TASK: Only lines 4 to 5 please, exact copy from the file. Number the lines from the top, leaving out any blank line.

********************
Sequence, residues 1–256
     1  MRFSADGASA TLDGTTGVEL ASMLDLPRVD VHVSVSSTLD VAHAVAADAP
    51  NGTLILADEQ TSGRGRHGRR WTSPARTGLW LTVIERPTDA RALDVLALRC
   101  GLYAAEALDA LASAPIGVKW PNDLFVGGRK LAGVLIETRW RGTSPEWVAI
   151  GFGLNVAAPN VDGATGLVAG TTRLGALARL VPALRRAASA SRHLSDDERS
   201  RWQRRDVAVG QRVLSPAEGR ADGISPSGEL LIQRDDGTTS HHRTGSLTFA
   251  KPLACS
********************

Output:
   101  GLYAAEALDA LASAPIGVKW PNDLFVGGRK LAGVLIETRW RGTSPEWVAI
   151  GFGLNVAAPN VDGATGLVAG TTRLGALARL VPALRRAASA SRHLSDDERS